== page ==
5 Smart Finance Tips if You Just Moved to the UK

Last updated on December 30th, 2023 at 09:27 pm

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If you recently made the big move to the U.K., you may be juggling several asks right now. Your to-do list may include sorting out the bills at your new home, learning the ropes at your new job or place of study, and deciding on the best way to send money back to loved ones at home.  Here at Remitly, we gathered 5 smart finance tips if you just moved to the U.K.

1. Set up a local bank account

Opening your own bank account in the U.K. makes it easier to settle into your new life. You’ll need documents to prove your identity and your address, although some banks may only require proof of identity.

To prove your identity you can show any of the following:

  • Your passport
  • Your driving licence
  • Your EU identity card

You can potentially use various documents to prove your address, depending on the bank. Generally speaking, one of these documents may work:

  • A bank statement from another bank, dated within the last three months
  • A gas, water, or electricity bill, dated within the last three months
  • A council tax bill for the current year
  • An HMRC tax notification dated within a specified period 
  • A tenancy agreement issued by a housing association, local council, or solicitor

You have plenty of banks to choose from in the U.K. There are some big names, such as Barclays, HSBC, and NatWest, as well as the newer generation of online banks such as Monzo and Starling Bank. All provide you with a debit card and account you can use to set up your new life.

Determine the separate fees for various services and if there’s a mobile banking app available.

You may be able to open your account online, as long as you have electronic versions of your ID documents. If you prefer, you can also do it in person at a bank branch, in which case we’d recommend making an appointment first. 

2. Understand how tax works

Tax can be a complicated subject to explore, especially in an unfamiliar country. Let’s break things down to make it more easily digestible:

National Insurance (NI)

NI refers to the money you pay to contribute to the U.K.’s National Insurance Funds, which in turn provide social security benefits such as the State Pension and maternity allowance. You have to pay NI contributions if you’re over 16 and earn over a certain amount per week.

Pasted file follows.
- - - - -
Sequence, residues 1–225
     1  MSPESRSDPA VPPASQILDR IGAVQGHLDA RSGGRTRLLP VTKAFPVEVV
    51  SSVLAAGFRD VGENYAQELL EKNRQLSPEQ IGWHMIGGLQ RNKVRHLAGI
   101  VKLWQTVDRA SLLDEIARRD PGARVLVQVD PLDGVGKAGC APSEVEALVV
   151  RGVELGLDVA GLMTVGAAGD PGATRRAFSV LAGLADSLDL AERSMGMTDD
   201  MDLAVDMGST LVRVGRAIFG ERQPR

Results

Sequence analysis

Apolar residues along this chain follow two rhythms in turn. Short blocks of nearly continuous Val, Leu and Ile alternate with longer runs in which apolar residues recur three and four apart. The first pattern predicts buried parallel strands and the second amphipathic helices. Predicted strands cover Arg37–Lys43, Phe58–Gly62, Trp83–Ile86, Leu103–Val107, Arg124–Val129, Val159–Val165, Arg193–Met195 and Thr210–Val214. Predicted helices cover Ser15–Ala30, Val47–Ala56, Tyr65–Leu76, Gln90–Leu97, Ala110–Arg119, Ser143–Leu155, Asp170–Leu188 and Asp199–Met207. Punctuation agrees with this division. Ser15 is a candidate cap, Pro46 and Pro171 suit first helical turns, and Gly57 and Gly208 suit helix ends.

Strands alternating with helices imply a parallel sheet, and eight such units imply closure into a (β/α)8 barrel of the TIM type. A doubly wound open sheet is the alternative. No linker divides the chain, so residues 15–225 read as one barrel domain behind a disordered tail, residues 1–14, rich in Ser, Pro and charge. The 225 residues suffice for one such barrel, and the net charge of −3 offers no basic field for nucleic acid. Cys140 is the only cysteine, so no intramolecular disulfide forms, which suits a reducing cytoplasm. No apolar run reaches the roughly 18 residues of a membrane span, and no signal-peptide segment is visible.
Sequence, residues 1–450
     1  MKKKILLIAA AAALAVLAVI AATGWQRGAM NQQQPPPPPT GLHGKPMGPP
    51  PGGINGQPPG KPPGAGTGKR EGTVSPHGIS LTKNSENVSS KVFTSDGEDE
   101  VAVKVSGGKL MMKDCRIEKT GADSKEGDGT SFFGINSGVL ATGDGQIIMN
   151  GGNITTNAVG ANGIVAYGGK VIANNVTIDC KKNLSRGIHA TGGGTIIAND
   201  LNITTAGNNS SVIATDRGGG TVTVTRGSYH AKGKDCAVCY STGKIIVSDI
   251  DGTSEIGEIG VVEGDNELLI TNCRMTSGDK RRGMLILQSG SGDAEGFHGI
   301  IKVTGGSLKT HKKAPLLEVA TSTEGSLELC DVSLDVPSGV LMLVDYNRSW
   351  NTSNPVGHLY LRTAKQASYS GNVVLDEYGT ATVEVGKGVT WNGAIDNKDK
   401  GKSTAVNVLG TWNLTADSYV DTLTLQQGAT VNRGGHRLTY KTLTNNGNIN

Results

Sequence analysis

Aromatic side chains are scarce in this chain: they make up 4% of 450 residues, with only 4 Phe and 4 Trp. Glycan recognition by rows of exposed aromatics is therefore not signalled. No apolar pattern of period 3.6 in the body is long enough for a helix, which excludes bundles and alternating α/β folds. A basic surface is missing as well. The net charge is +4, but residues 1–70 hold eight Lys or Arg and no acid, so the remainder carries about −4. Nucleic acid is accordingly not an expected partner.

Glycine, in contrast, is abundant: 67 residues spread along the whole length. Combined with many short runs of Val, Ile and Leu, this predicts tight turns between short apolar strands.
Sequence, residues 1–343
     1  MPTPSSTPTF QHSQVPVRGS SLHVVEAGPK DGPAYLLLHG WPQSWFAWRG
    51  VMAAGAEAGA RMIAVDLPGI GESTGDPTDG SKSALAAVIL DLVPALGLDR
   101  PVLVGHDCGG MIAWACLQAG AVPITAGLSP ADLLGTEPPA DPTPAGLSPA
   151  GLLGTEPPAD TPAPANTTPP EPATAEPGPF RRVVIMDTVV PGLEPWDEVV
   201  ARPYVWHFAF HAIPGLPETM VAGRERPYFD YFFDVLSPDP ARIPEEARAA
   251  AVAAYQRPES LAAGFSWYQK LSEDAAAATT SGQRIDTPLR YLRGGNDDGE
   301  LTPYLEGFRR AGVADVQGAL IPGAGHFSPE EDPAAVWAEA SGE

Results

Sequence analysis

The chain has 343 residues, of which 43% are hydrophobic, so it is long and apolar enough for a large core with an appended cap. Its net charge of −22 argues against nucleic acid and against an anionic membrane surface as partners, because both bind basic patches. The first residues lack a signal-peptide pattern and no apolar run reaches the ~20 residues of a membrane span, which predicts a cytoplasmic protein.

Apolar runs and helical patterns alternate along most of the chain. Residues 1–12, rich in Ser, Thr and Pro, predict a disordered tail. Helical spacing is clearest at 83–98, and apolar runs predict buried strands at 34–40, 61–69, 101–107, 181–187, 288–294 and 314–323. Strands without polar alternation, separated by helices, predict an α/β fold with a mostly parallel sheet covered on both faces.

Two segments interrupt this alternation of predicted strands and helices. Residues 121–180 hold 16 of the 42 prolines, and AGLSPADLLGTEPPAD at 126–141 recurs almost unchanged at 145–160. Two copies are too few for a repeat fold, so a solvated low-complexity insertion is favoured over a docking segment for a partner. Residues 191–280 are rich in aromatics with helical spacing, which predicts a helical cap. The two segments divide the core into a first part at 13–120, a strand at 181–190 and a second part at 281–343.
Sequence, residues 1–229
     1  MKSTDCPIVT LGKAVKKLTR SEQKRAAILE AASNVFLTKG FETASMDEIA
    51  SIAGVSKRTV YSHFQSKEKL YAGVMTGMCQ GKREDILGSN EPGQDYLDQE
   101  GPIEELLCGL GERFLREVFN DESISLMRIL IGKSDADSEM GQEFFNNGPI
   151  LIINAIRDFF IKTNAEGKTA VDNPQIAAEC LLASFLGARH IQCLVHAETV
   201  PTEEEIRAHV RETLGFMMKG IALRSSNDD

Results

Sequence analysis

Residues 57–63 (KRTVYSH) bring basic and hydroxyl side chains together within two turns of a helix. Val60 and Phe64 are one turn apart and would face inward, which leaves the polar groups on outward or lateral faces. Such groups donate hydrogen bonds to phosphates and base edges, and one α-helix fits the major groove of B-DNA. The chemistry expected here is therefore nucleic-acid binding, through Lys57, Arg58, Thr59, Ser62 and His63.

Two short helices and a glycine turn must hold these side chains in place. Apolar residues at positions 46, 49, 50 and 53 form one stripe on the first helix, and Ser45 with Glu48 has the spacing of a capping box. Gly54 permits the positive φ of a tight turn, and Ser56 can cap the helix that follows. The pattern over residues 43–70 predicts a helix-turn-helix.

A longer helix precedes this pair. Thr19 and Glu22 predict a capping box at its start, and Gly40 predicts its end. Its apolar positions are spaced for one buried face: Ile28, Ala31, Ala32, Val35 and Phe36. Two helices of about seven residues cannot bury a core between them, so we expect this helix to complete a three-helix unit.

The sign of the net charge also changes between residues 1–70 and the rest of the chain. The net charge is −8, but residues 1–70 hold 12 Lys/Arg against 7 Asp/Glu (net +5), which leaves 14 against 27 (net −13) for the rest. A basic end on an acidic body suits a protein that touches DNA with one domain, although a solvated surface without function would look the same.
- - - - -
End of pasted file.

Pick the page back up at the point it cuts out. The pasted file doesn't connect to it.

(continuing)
You’ll need a National Insurance number to pay your contributions. To apply, just call the application line on 0800 141 2075, which is open Monday to Friday from 8 a.m. to 6p.m.

Income tax

If you’re employed in the U.K., you’ll most likely pay your NI and your income tax through the PAYE, or Pay As You Earn, system. This means the tax is automatically deducted from your pay packet, so you don’t have to worry about filling in any tax returns yourself.

How much you pay depends on a few factors.

First, there’s your Personal Allowance, which is the amount you’re allowed to earn tax-free. Once you put that to one side, you’re left with your taxable income. This gets taxed at the Basic rate up to a certain threshold. Any amount you earn over that threshold will get taxed at the Higher and Additional rates.

Personal Allowance and tax thresholds change frequently, but you can easily find out the current amounts online. Keep in mind that if you’re self-employed, you’ll have to report and pay your taxes yourself, through self-assessment.

3. Plan your budget

The general cost of living may be very different from what you’re used to. This is something you’ll naturally get used to as the weeks and months go by, but to begin with, it may be useful to draw up a budget plan. This may include the following expenses:

  • Rent or mortgage 
  • Utility bills, including the TV license
  • Home broadband and mobile phone bills
  • Weekly food shopping
  • Transport and fuel costs
  • Money for recreation, evenings out, and so on
  • Money set aside for tax, if you’re self-employed

4. Stay aware of the exchange rate

If you’re intending to send money back to support family and friends in your native country, keep a close eye on the currency exchange rate. As the respective values of global currencies rise and fall, the exchange rate is always shifting.

This means that the amount your loved ones receive will likely differ with every transfer, even if the amount you actually pay stays the same. Fortunately, it’s easy to check online to see what your payment in British pounds currently equates to in your home country’s currency. 

5. Find a cost-effective way to send money home

If you’re sending money home–whether as occasional gifts, business investments, or to support the people you care about—it’s important to have a service that’s fast, fair, and secure. Dedicated money transfer apps are increasingly popular as they tick all three of those boxes.

Here at Remitly, we handle remittances for millions of people who’ve moved abroad. By using our service, you can expect low fees and a clear exchange rate whenever you transfer money from the U.K.